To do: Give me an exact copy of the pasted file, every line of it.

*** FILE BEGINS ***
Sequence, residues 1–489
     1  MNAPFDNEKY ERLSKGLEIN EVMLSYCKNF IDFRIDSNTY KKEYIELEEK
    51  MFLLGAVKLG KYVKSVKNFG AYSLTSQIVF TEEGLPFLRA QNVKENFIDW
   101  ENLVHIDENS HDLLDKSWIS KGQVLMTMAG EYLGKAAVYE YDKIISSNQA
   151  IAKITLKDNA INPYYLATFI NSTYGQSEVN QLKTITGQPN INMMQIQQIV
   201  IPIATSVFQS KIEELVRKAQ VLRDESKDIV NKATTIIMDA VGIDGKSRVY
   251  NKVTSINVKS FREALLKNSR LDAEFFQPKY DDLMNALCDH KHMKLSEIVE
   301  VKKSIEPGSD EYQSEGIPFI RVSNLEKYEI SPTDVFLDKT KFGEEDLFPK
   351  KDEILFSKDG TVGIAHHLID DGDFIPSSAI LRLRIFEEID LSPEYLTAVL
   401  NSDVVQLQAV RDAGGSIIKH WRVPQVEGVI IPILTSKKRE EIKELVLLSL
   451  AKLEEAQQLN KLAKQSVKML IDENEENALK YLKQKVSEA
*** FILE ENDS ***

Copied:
Sequence, residues 1–489
     1  MNAPFDNEKY ERLSKGLEIN EVMLSYCKNF IDFRIDSNTY KKEYIELEEK
    51  MFLLGAVKLG KYVKSVKNFG AYSLTSQIVF TEEGLPFLRA QNVKENFIDW
   101  ENLVHIDENS HDLLDKSWIS KGQVLMTMAG EYLGKAAVYE YDKIISSNQA
   151  IAKITLKDNA INPYYLATFI NSTYGQSEVN QLKTITGQPN INMMQIQQIV
   201  IPIATSVFQS KIEELVRKAQ VLRDESKDIV NKATTIIMDA VGIDGKSRVY
   251  NKVTSINVKS FREALLKNSR LDAEFFQPKY DDLMNALCDH KHMKLSEIVE
   301  VKKSIEPGSD EYQSEGIPFI RVSNLEKYEI SPTDVFLDKT KFGEEDLFPK
   351  KDEILFSKDG TVGIAHHLID DGDFIPSSAI LRLRIFEEID LSPEYLTAVL
   401  NSDVVQLQAV RDAGGSIIKH WRVPQVEGVI IPILTSKKRE EIKELVLLSL
   451  AKLEEAQQLN KLAKQSVKML IDENEENALK YLKQKVSEA